Last Updated: Friday - 09/24/2010
Week of November 22, 2004
CCCB cuts cause controversy
Canon lawyer says bishops' support staff was top heavy
By DEBORAH GYAPONG
Canadian Catholic News
Recent cuts to the budget of the Canadian Conference of Catholic Bishops are a reaction to the CCCB "growing too large," says a leading canon lawyer.
"It (the CCCB) was becoming top heavy," says Father Frank Morrisey, a professor at the University of Saint Paul in Ottawa. "I think it's too bad it has to go this way, but something had to be done."
However, others see the changes as betraying the original vision that created the CCCB's general secretariat in Ottawa and empowered it with a professional staff to analyze social changes and respond to them.
Bernard Daly, who spent 33 years on staff with the CCCB, calls the restructuring a "unilateral slashing" and wonders how lay Catholics will be able to participate in ongoing debates about the liturgy, the new Mass text in English, and inclusive language without the help of the staff in Ottawa.
The CCCB will cut $800,000 from its operating budget for 2005, resulting in the consolidation of offices at the general secretariat in Ottawa that serve the bishops' commissions. The moves were made to balance the budget, which has been running a deficit every year since 2000.
Morrisey says the CCCB bureaucracy was "growing too large" and the bishops had to show "responsible stewardship."
Even though the Vatican made national bishops' conferences mandatory after Vatican II, ever since the 1960s there's been a debate about exactly what role these conferences play in terms of the authority of the pope and of individual bishops.
Morrisey says that there's controversy over whether the conference itself has a teaching role, or whether that role resides with individual bishops.
"The pope has come down strongly on the side of individual bishops," he says, noting that the conference shouldn't become "like a super bishop."
"The conference is in the service of the bishops, not the bishops at the service of the conference," he said.
Not everyone is as sanguine about the restructuring as Morrisey.
Daly wonders how a national view will be developed on such compelling issues as stem cell research, human cloning, the U.S. missile defence plan, and same sex marriage if more and more staff are "stripped away."
He also points out that before the conference came into being 60 years ago, Canada only had "isolated dioceses," some of them quite small and powerless.
"There have always been a minority in the Church worldwide that see bishops' conferences as a challenge to the pope's central authority," Daly says.
This minority, both inside and outside of Canada, he says, sees bishops' conferences as "not to be trusted" and sees them as trespassing on the authority of bishops in their own dioceses. He wonders how much this view has played a part in the "present difficulties" of the CCCB.
Daly is especially concerned about what the restructuring will do to the CCCB's ecumenical work.
One strength of bishops conferences, he points out, is that it appeals to those churches which are uncomfortable with doctrines of papal infallibility, but would prefer to see strong bishops playing a leadership role, with the pope at their head, rather than bishops playing only a consultative role with the pope.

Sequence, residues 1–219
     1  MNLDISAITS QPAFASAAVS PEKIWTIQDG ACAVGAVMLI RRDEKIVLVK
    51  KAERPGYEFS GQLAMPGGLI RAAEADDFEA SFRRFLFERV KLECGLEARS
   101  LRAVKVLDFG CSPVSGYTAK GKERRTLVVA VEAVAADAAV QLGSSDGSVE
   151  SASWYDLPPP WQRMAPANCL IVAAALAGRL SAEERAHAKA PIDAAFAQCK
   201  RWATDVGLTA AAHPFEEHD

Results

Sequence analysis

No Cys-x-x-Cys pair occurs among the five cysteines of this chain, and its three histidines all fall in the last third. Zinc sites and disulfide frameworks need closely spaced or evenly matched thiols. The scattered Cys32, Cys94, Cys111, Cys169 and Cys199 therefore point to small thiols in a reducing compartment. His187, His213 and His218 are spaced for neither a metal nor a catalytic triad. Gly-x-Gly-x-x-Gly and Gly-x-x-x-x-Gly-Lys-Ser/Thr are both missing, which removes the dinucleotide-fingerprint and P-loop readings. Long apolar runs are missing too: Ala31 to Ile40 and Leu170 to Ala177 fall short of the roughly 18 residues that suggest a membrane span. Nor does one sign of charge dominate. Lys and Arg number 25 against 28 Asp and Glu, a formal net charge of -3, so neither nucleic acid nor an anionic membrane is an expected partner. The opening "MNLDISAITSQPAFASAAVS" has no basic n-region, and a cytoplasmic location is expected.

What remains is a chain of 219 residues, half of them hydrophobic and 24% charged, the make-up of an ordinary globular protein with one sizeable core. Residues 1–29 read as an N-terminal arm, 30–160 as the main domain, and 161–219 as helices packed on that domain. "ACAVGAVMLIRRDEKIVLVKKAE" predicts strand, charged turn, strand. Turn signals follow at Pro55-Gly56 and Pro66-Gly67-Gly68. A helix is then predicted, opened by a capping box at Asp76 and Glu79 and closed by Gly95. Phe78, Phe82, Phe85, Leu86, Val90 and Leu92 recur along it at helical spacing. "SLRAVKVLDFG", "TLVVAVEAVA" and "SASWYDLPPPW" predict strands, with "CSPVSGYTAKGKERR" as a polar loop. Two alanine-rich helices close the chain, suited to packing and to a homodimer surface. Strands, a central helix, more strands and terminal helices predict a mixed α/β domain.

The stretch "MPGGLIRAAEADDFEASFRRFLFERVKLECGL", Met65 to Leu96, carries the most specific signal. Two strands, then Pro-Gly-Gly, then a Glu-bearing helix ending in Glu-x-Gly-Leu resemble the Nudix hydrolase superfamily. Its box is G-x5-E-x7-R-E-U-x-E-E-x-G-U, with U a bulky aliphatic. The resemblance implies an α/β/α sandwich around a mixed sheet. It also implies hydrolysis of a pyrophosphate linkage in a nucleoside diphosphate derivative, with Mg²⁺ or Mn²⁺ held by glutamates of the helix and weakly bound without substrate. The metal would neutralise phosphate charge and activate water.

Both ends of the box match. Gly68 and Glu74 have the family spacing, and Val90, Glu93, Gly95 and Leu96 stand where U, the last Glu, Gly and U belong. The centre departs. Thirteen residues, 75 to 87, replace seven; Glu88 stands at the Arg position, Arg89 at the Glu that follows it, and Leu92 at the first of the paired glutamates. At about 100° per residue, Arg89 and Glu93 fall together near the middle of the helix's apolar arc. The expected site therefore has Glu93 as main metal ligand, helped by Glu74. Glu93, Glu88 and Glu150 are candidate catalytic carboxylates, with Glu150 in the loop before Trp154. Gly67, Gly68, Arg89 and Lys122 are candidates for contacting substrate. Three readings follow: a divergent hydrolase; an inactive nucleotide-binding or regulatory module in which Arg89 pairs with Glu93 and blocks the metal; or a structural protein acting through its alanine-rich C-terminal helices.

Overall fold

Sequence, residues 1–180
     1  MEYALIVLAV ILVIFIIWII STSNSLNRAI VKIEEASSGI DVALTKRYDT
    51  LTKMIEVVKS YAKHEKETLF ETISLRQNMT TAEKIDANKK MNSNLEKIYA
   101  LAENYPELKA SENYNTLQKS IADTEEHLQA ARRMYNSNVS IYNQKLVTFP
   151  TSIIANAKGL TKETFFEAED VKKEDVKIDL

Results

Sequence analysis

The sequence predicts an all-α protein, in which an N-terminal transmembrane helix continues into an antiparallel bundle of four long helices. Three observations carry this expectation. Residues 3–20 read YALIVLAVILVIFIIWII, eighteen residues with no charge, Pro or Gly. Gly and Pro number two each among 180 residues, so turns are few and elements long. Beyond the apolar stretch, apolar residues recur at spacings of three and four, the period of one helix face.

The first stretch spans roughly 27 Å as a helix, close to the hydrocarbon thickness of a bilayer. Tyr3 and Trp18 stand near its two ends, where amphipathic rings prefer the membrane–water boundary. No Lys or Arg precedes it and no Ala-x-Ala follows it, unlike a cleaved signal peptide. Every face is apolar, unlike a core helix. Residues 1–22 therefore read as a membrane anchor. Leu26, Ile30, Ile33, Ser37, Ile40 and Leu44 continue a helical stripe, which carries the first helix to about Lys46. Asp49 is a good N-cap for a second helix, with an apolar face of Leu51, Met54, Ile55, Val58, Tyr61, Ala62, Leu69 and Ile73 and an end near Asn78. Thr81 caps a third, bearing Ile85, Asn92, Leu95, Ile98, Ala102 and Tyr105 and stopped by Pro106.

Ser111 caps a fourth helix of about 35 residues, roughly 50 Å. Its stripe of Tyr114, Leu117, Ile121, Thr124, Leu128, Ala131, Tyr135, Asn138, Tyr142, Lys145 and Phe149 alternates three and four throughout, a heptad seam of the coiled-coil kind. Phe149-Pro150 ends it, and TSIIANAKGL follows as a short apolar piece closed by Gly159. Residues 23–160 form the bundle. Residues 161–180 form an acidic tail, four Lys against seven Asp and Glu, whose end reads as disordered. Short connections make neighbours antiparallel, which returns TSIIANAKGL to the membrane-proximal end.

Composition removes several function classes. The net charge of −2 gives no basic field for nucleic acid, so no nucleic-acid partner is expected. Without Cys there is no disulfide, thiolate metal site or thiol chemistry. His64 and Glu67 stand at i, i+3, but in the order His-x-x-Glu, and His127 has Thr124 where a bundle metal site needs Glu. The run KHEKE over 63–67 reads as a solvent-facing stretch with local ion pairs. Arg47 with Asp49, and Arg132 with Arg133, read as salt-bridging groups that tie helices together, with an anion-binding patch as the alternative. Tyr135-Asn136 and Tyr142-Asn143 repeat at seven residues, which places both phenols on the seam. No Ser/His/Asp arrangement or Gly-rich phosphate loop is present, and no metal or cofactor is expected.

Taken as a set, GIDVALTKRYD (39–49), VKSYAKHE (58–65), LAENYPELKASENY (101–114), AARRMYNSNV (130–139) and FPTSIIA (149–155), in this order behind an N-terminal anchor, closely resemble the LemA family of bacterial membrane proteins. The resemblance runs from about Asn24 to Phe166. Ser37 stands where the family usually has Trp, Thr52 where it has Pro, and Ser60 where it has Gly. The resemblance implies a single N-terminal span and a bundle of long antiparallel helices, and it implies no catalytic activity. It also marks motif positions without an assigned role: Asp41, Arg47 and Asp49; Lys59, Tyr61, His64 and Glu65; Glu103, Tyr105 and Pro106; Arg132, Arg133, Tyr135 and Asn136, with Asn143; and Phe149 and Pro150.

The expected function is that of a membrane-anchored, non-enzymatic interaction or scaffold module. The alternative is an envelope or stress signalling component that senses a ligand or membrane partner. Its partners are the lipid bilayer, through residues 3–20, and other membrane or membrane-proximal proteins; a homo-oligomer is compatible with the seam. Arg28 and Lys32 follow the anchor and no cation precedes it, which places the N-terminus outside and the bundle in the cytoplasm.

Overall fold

Daly applauds the transparency of the bishops in areas like abusive priests and residential schools, but wonders why their financial dealings were kept so close to the chest.
"All of a sudden they tell us they have run their conference into serious financial problems, they're going to slash the national services and we 13 million Catholics (in Canada) don't understand why this has happened," he says. "They didn't inform us about it, they didn't try to involve us in the solution."
Msgr. Peter Schonenbach, who ended a term as CCCB general secretary last February, says the CCCB missed an opportunity to reassess its finances in the 2003 plenary assembly when it rejected new ways of financing the conference in favour of the present per capita system.
The per capita charge is kept low, he says, so as not to unduly impact the poorer, smaller dioceses, but that results in a lowest common denominator approach. He says that an additional tax on equity on wealthier dioceses in the "golden triangle" including Toronto and Hamilton might have alleviated the financial pressure.
The richer dioceses are able to pay more and should pay more, "because God has given them more resources," Schonenbach says.
He's concerned the remaining staff at the general secretariat will soon experience burnout.
"You get the services you pay for," he says. "We're not exactly a Third World country."
While people like Daly and Schonenbach see the need for a strong central general secretariat with a professional staff, especially in the light of the many social issues facing the Church, Morrisey sees decentralization as a good thing.
"There's been real pressure to have the Catholic Church recognized as a legal entity in Canada and it's very important that it not be recognized as a legal entity," Morrisey says. "What is recognized in Canada are the different dioceses. The government has given them corporate status.
"It might even be a blessing for the Church not to have that national profile on those issues," he says.
"The Catholic Church is very unified in doctrine and very decentralized on finances, unlike other churches, which have a lot more freedom on doctrine, but all their finances are together," Morrisey says.
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